Pericles

Definition

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published on 02 September 2009
Pericles ()

Pericles (495–429 BCE, whose name means "surrounded by glory") was a prominent statesman, famous orator, and general (in Greek 'Strategos’) of Athens during the Golden Age of Athens. So profound was his influence that the period in which he led Athens has been called the 'Age of Pericles’.

This statesman’s influence on Athenian society was so great that Thucydides, his contemporary admirer and historian, called him "the first citizen of Athens". Pericles led the Delian League forward to form the Athenian empire and guided his countrymen during the first two years of the Peloponnesian Wars.

Pericles promoted the arts, literature, and philosophy and gave free reign to some of the most inspired writers and thinkers of his time. During the Age of Pericles, Athens blossomed as a center of education, art, culture, and democracy. Artists and sculptors, playwrights and poets, architects and philosophers all found Athens an exciting and enlivening atmosphere for their work. Athens under Pericles saw the building of the Acropolis and the glory of the Parthenon. The playwrights Aeschylus, Sophocles, Euripides, and Aristophanes (in short, all of the great Greek writers for the stage) invented theater as it is known in the modern-day. Hippocrates (who inspired the Hippocratic Oath still taken by physicians today) practiced medicine in Athens then while sculptors like the famous Phidias (who created the statue of Zeus at Olympia, considered one of the Seven Wonders of the Ancient World, as well as the statue of Athena Parthenos for the Parthenon) and Myron (who produced the masterpiece Discus Thrower) worked in their marble and stone. The great philosophers Protagoras, Zeno of Elea, and Anaxagoras were all personal friends of Pericles (Anaxagoras especially, who influenced Pericles’ public demeanor and acceptance of fate, especially after the death of Pericles’ sons) and Socrates, the man considered the 'father of western philosophy', all lived in Athens at the time.

Pericles family's nobility, prestige, and wealth allowed him to pursue his inclination toward education, and he is recognized as the first politician to attribute great importance to philosophy.

Pericles family's nobility, prestige, and wealth allowed him to pursue his inclination toward education, and he is recognized as the first politician to attribute great importance to philosophy as a practical discipline which could help guide and direct one’s thought and actions rather than a mere speculative past-time or the trade of the Sophists.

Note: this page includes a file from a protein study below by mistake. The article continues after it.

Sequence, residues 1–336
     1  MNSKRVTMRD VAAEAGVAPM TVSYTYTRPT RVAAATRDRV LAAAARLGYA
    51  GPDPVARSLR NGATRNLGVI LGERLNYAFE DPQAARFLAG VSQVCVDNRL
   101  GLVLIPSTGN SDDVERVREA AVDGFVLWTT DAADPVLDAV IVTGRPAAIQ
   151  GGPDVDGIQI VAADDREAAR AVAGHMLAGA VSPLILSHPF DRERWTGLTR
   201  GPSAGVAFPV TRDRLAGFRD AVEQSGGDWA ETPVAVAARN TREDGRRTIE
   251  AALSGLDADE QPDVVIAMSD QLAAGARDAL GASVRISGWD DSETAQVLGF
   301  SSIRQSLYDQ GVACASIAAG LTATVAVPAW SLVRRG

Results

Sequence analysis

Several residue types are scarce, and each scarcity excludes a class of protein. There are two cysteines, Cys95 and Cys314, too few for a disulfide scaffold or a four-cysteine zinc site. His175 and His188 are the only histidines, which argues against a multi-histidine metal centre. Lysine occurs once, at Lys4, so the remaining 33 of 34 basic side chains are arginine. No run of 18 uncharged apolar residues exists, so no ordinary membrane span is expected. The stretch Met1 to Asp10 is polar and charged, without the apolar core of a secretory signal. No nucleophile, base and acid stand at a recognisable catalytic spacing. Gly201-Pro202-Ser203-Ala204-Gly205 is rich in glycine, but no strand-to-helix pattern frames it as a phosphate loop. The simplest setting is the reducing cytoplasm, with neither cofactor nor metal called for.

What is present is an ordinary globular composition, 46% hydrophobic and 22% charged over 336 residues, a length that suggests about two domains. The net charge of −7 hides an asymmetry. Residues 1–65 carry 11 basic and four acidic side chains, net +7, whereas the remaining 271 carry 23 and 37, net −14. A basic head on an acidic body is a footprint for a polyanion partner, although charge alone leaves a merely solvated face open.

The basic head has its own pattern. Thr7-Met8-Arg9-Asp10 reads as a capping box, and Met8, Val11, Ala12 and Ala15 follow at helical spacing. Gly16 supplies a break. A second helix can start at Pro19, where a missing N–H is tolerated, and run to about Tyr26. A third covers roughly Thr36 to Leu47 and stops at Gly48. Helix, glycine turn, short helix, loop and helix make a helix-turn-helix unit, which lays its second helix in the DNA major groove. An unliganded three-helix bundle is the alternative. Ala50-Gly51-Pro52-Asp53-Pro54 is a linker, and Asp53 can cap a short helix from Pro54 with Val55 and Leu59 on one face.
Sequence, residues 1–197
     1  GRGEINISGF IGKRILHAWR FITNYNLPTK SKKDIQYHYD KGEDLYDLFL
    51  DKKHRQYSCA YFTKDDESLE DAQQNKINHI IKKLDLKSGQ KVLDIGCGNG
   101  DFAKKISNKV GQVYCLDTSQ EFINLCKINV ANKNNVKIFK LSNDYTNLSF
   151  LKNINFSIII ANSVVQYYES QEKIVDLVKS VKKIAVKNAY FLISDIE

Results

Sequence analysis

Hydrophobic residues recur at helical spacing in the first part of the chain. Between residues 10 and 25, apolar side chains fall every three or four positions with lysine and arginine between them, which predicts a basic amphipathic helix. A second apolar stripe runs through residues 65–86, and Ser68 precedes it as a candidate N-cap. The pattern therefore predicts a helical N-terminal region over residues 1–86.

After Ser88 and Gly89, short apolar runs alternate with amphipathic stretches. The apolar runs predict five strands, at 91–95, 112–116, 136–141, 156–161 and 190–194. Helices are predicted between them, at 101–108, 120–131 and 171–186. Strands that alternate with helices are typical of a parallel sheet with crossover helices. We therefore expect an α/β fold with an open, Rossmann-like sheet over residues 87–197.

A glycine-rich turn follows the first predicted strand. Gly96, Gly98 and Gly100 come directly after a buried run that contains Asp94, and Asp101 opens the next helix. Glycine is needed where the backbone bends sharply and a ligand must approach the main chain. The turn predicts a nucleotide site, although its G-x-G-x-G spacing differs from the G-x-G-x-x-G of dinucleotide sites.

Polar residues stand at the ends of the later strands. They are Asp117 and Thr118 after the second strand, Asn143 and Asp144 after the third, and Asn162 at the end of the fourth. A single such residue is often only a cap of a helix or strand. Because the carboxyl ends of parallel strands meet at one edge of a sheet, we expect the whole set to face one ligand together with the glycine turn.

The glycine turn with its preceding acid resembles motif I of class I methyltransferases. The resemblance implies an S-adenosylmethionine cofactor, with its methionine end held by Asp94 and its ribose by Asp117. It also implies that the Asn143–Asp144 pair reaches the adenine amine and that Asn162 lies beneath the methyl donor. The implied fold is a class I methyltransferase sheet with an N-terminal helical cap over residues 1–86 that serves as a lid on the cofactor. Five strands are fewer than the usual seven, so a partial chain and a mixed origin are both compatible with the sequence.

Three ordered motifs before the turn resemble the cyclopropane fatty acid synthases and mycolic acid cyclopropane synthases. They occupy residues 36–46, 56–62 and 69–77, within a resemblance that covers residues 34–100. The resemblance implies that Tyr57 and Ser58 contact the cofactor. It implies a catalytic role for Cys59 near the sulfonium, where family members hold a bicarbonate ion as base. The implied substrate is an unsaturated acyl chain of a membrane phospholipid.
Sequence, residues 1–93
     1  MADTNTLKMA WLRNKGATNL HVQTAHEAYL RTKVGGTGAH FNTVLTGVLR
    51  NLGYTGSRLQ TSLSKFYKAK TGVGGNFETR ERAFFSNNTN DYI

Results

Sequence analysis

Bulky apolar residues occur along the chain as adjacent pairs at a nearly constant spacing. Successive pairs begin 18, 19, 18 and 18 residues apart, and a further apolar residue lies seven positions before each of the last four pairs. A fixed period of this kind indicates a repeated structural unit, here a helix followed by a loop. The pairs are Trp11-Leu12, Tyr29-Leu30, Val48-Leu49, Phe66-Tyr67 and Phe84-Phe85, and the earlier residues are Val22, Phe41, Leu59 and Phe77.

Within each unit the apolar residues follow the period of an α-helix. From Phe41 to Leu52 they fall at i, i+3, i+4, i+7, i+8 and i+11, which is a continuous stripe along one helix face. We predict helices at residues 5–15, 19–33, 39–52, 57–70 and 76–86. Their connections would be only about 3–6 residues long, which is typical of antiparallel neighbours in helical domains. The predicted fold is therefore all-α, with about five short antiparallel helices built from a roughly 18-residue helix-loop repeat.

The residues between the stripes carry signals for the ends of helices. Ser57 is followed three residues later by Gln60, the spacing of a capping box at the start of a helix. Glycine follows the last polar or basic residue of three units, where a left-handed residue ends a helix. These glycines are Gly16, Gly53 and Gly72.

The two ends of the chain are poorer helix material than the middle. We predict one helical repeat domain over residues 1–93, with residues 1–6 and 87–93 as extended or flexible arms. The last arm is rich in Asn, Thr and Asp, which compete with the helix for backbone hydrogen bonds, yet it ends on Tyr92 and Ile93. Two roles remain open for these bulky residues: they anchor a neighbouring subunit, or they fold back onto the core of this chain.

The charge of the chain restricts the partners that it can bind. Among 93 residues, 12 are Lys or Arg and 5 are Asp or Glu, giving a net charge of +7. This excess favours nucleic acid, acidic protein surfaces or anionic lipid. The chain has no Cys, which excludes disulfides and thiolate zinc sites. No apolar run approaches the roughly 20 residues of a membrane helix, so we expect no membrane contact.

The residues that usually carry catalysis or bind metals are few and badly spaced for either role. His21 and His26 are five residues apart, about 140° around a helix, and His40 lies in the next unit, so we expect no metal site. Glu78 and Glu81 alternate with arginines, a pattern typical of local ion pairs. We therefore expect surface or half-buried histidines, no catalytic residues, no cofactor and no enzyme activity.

Pericles’ early years were quiet and the introverted young man took to avoiding public appearances and speeches, instead preferring to devote his time to his studies. Later in life, this initial shyness would lend credence to the claims of his detractors that his consort Aspasia taught him how to speak and wrote his speeches for him (it was a grave insult to a man of Athens, especially a statesman, to claim a woman was responsible for his successful career).

At the beginning of 431 BCE Athens entered into the long, drawn-out Peloponnesian Wars with Sparta. Thucydides recorded Pericles’ famous Funeral Oration given at the service for the Athenian dead in which he said, in part, “Grief is felt not so much for the want of what we have never known as for the loss of that to which we have been long accustomed.” It was shortly after this speech that Athens itself would lose what it was accustomed to as the tide of the war turned against it. In 429 BCE the plague struck the city and Pericles was among the victims.

Bereft of his leadership, the Athenians made mistake after mistake in their military decisions leading eventually to their defeat by the Spartans in 404 BCE, the destruction of their city’s walls, and their occupation and rule by Sparta. In his histories, Thucydides makes abundantly clear what a disaster Pericles’ death was for Athens in that those who came after him desired to be popular rather than effective, and in so doing doomed the city to ruin. With the death of Pericles, his 'age’ ended and Athens fell into an intellectual, cultural, and spiritual darkness which the Athenians would struggle with over the next 30 years. It culminated in the execution of Socrates in the year 399 BCE.



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Timeline

Visual Timeline
  • c. 495 BCE
    Birth of Pericles.
  • 470 BCE
    Pericles enters politics.
  • 463 BCE
    Pericles is the leading prosecutor of Cimon.
  • 462 BCE - 461 BCE
    Radicalisation of democracy in Athens; Cimon exiled, Pericles comes to exercise influence.
  • c. 462 BCE - 458 BCE
    Pericles introduces democratic institutions in Athens.
  • 461 BCE
    Pericles leads the democratic party and ostracizes Cimon.
  • 461 BCE - 429 BCE
    Pericles is ruler of Athens.
  • 460 BCE - 429 BCE
    The Age of Pericles. Athenian Agora is rebuilt, construction of Parthenon.
  • 454 BCE
    Pericles leads his first military expedition in Sicyon and Acarnania.
  • 453 BCE
    Pericles erects trophy at Nemea after Athenian victory over the Sikyonians.
  • 448 BCE
    Pericles leads the Athenian forces in the Battle of Delphi.
  • 447 BCE
    Barbarians are expelled from Gallipoli by Pericles' army.
  • 28 Jul 447 BCE
    Construction of the Acropolis of Athens begins under Pericles' leadership.
  • 440 BCE
    Pericles leads the Athenian navy in the Samian War.
  • 431 BCE
    Athens invades Megara.
  • 429 BCE
    The death of Pericles from the plague.
  • c. 425 BCE
    Kresilas sculpts the idealised portrait statue of Pericles which in antiquity was much copied as a bust.

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